How often have you heard this – “Look, we really love your product, but it’s outside of our price range. Can you offer any discount?”
Offering discounts can be a great way to speed up a slow-moving deal. But if you’re adjusting price before negotiations begin, you’re doing a serious disservice, both to yourself and to your product.
Instead of caving right away, there are four tried-and-true responses you can give to turn the conversation around in your favor.
What’s Wrong with Discounting Immediately
What’s wrong with discounting immediately. Like I said, discounting isn’t always a bad thing. It can speed up deals and give you leverage for reducing the service you’re offering.
But there are three very real problems to offering a discount before negotiation has taken place.
First, your buyer subconsciously devalues your service. After all, if you’re really going to deliver the ROI your pitching, why do you have to immediately discount the price?
#2. Forfeit’s Power
Second, the instant you propose a discount, you lose some of your negotiation power. You lose this negotiation power as you’ve taken the price, your biggest variable for negotiation, off the table.
#3. Shifts the Focus
And third, discounting shifts the focus. In the buyer’s mind, you’ve shifted the conversation from the value that is being exchanged to the emotional topic of money. Rather than the buyer thinking about the impact that your service is going to have on their business, they’re now thinking about what is going to cost them in the opportunities they will lose from this lack of cash flow.
So with those three things in mind, it’s important that negotiations on price and discounting happen towards the end of the sales process rather than at the beginning of it.
That being said, if a buyer does request a discount too early in the process, there are a few things you can do. And that brings us to the four word-for-word responses that’ll deflect, turn the tables, and even give you the selling advantage.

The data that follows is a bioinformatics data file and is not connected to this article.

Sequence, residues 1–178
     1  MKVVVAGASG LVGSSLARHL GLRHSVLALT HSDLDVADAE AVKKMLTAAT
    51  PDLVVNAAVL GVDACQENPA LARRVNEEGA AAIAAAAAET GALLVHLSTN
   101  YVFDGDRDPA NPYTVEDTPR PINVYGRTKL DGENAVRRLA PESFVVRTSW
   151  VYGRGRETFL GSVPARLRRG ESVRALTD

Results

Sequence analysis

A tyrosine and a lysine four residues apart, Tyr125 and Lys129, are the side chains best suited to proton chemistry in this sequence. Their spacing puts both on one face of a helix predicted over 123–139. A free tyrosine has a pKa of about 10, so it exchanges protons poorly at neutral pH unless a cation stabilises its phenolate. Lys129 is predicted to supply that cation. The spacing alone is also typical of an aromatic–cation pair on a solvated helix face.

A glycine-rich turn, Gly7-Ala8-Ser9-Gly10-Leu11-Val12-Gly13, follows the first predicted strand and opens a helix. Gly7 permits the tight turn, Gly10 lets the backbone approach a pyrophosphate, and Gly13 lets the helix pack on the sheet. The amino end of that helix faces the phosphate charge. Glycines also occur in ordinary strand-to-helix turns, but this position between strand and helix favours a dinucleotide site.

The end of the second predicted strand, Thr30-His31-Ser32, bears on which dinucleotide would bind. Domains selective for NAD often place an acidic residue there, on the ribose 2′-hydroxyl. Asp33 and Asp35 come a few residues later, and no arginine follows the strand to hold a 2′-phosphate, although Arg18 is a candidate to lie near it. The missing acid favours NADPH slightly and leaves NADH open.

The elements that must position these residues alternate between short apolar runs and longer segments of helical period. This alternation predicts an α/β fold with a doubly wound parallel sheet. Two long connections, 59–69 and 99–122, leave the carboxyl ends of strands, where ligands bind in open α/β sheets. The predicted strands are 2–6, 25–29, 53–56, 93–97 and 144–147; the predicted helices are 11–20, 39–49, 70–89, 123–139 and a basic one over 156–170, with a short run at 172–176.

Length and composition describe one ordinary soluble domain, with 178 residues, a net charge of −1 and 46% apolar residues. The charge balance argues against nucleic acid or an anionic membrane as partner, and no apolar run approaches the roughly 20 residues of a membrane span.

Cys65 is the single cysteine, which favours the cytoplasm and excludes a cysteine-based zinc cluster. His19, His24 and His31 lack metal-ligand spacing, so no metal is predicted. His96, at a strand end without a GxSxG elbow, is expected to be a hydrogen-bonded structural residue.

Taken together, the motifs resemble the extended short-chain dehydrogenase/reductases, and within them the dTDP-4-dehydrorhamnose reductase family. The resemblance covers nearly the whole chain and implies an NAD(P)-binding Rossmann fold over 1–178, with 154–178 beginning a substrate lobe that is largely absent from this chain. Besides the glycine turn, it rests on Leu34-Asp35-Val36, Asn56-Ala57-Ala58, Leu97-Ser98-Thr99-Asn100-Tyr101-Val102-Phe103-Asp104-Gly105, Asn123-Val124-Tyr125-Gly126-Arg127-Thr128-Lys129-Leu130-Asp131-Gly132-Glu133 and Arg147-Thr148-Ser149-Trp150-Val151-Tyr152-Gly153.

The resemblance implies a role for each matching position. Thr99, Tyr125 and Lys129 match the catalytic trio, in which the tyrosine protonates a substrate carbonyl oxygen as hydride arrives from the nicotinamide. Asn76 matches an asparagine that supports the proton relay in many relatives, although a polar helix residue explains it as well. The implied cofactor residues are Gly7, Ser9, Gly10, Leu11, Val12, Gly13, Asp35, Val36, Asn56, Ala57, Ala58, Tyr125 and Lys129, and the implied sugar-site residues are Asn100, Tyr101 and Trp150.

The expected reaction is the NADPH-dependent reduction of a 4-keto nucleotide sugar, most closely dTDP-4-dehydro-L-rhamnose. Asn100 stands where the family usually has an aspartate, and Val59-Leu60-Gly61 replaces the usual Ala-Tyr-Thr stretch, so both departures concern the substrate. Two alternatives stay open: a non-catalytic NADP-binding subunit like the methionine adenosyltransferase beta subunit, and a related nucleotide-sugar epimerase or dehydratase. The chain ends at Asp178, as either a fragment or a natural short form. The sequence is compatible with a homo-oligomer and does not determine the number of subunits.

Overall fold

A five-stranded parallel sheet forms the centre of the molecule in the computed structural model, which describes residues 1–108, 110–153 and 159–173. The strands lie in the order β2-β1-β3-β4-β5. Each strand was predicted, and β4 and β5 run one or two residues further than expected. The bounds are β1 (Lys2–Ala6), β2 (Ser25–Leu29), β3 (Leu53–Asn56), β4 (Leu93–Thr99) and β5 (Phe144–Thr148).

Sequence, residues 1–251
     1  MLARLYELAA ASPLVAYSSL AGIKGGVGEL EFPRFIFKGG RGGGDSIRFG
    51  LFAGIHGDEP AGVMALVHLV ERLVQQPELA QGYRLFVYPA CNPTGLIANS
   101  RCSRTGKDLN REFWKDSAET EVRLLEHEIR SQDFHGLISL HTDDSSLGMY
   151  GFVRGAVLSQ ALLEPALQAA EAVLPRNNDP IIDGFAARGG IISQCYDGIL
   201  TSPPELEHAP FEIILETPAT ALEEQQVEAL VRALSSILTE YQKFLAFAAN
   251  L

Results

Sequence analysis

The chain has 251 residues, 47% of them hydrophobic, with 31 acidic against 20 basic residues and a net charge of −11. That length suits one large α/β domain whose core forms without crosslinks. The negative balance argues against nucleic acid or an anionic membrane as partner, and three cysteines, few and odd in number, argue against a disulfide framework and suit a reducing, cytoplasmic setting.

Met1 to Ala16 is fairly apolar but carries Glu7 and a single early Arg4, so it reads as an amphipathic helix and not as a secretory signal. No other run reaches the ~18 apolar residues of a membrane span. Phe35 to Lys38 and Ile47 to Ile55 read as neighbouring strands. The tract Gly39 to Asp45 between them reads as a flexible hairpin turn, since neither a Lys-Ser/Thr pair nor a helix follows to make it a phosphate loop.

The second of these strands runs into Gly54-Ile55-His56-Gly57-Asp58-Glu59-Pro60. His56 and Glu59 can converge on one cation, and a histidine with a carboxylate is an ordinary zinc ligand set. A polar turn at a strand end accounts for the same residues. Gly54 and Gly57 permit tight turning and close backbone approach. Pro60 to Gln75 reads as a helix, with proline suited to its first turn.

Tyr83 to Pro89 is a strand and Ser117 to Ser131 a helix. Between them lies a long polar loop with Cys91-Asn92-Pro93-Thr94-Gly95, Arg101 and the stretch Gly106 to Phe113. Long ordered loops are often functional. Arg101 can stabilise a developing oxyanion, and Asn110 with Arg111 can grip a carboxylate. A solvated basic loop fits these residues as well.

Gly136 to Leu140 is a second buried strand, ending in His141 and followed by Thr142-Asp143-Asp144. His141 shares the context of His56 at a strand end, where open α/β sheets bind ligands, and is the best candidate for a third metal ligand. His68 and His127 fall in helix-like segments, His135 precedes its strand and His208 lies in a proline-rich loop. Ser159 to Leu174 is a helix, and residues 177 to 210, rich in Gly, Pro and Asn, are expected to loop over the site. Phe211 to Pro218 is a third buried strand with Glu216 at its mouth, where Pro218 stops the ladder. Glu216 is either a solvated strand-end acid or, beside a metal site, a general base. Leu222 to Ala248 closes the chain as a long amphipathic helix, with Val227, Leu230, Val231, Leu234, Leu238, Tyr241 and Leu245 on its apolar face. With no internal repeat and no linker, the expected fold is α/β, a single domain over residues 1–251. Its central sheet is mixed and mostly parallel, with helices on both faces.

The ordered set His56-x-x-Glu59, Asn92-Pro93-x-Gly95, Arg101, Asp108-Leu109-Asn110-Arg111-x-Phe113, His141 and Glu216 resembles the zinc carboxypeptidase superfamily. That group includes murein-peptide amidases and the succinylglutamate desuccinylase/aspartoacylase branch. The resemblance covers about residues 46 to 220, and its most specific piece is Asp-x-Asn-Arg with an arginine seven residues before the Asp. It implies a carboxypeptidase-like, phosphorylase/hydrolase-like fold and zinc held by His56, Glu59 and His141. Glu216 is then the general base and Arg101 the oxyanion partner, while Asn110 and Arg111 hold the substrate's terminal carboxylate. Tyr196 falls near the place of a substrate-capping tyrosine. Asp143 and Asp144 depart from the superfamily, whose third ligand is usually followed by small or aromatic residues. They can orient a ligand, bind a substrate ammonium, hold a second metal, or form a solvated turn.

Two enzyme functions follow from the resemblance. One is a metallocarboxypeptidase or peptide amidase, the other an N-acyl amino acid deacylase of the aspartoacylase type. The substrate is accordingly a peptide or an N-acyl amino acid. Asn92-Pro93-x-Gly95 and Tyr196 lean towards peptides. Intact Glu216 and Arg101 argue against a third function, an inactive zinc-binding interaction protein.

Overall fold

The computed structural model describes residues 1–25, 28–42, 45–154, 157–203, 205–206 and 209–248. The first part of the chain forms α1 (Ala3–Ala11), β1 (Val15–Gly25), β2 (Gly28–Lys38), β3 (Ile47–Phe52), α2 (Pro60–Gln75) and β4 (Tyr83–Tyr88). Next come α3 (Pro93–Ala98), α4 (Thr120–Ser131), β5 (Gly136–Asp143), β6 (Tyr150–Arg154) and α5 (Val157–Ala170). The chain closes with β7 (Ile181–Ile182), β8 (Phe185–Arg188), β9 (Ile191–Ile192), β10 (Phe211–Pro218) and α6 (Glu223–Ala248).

1. The Value Probe
The first and easiest way to deal with a buyer bringing up the idea of a discount is to say this word-for-word:
“We can definitely have a conversation about the numbers. But first let’s make sure that we’re on the same page about our service being a good fit for your needs…”
So, what does this response do?
It Reframes the Conversation
You buy yourself time to reframe the conversation. Right now the buyer is focused on price alone. But at this point in the sales process, you need to be demonstrating value. What do you offer that your competition doesn’t? And most importantly, how does it solve your buyer’s problem? This is the perfect time to focus on that instead of the expense.
It Let’s You BUILD on Your Value
It also gives you more time to build value before the numbers do eventually get discussed. What additional benefits do you offer that you haven’t talked about yet? What value can you bring to the table that the buyer isn’t already aware of?
2. The Obstacle Identifier
The second way to deal with your buyers asking for discounts is to answer your buyer’s question with a question.